NZIFF guest, Melbourne archivist and filmmaker Sari Braithwaite’s provocative documentary is stitched together entirely from film footage cut by Australian censors.
- Based on Books
- Coming of Age
- Films about Films
- For All Ages
- Found Footage
- Human Rights
- Love Stories
- Social History
- War Zones
- Women Make Movies
A single mother turned border guard and a refugee from Guinea-Bissau form an unlikely bond in this intimate Icelandic drama about two people literally and figuratively trapped on the edge of the world.
Jia nian hua
“In an intriguing film noir full of white light reflecting off virginal dresses, polished surfaces and sparkling sand, director Vivian Qu probes the status of girls in Chinese society.” — Kate Taylor, Globe and Mail
This alarming contemporary coming-of-age tale of a fiercely independent teenage girl at odds with her conservative Tehran school is based on the experiences of Iranian expat writer/director Sadaf Foroughi.
Pájaros de verano
The ancient traditions of Colombia’s indigenous Wayuu are shaped by an ambitious matriarch to stake a place for her clan in the burgeoning drug economy of the 1970s.
A mysterious high-school girl dives headfirst into the vices of teenage life, while undergoing a radical and uncontrollable transformation of her own, in Lisa Brühlmann’s formidable debut feature.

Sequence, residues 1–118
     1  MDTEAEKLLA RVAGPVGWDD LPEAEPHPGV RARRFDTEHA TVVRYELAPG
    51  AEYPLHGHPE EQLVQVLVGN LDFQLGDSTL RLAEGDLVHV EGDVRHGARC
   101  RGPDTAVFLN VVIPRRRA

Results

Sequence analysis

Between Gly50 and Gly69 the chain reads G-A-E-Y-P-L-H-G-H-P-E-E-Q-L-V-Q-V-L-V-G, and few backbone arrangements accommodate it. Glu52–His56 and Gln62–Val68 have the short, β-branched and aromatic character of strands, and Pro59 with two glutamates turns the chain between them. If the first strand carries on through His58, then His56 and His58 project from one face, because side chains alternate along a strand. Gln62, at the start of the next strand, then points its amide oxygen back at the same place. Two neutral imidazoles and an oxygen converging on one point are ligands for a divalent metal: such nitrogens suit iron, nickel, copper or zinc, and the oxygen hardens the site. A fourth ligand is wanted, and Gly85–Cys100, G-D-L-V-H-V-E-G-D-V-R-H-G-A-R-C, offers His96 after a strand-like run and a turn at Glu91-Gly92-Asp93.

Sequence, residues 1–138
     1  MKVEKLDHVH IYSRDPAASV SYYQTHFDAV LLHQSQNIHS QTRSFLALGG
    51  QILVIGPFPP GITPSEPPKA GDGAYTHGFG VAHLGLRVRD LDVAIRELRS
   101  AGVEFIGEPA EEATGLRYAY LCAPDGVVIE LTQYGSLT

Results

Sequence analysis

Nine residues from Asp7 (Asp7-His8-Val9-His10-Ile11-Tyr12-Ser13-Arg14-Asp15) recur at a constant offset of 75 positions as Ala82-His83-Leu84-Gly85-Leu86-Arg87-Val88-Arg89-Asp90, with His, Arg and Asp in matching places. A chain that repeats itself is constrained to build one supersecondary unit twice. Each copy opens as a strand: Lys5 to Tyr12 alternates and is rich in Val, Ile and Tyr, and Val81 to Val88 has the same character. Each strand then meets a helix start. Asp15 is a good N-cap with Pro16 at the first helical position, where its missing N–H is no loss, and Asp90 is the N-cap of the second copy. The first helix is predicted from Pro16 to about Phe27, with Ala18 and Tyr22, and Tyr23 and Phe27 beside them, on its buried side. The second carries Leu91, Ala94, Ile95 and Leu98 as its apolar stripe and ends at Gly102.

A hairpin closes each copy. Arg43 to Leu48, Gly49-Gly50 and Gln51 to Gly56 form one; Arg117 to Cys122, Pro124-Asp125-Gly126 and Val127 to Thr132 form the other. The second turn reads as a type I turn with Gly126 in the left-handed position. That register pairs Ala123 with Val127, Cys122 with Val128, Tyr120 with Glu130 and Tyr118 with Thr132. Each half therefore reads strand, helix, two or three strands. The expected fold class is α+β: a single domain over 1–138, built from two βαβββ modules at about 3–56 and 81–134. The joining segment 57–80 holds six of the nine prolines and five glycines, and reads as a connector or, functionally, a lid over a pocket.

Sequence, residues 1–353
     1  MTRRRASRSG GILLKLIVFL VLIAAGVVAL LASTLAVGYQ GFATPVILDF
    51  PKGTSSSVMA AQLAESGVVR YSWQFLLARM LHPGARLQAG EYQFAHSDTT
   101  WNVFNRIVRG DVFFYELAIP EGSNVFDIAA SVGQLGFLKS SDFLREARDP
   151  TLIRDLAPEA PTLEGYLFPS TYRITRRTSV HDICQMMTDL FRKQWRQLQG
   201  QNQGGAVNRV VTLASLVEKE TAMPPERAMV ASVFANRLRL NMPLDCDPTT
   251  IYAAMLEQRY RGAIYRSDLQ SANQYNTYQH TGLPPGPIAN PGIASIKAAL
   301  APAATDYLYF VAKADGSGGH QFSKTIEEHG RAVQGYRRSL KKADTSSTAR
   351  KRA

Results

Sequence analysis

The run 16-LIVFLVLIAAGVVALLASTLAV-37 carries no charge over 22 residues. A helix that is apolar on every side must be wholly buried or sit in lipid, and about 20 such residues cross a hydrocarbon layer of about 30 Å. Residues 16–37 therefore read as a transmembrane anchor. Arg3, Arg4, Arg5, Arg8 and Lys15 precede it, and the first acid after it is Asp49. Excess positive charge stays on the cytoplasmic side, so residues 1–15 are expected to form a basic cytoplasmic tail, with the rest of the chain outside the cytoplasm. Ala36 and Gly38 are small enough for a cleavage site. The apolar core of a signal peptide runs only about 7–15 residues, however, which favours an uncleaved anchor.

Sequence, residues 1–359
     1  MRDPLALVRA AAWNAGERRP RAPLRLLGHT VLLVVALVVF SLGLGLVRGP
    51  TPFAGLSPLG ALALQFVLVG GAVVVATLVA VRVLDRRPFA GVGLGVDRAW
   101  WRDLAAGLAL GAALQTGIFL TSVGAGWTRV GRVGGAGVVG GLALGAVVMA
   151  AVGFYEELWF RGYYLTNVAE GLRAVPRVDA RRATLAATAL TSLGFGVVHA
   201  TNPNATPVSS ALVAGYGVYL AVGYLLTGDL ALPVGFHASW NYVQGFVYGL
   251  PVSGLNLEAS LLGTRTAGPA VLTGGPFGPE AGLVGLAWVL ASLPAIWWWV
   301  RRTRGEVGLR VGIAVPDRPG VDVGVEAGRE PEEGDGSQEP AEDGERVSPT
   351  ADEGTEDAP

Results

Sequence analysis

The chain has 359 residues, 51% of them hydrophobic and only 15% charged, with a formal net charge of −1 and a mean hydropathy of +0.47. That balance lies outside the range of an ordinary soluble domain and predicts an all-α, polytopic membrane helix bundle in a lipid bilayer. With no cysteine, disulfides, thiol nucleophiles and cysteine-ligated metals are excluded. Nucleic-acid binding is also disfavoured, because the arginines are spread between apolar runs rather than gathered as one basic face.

Alexandra Dean’s debut documentary is a revelatory and entertaining portrait of an adventurous woman and talented inventor better known to the world as the embodiment of Hollywood sex and glamour.
A runaway boy sues his parents for bringing him into the world in this sprawling tale of against-the-odds resilience. “Nadine Labaki’s journey through the slums of Lebanon thrills with compassion and heart.” — Anna Smith, Time Out
Amanda Millar’s moving documentary celebrates the enduring legacy of Celia Lashlie, a passionate advocate for social interventions that equipped those long deprived of choice with the tools for responsible decision making.
The landmark lesbian love story returns to the giant screen as vibrant, beautiful and celebratory as ever.
Championed by filmmaker Morgan Spurlock and consumer activist Erin Brockovich, Stephanie Soechtig’s documentary is an enraging portrait of corporate greed honed to get into your blood.
With an array of prickly locals and the pictorial beauty of Cape Verde serving as backdrop, this amiable African odyssey of a son in search of his father is a breezy, Grogue-fueled delight.
Four at-risk teenagers from Christchurch’s eastern suburbs get to experience the Coast to Coast up close as both competitors and support crew with the assistance of several multisport legends.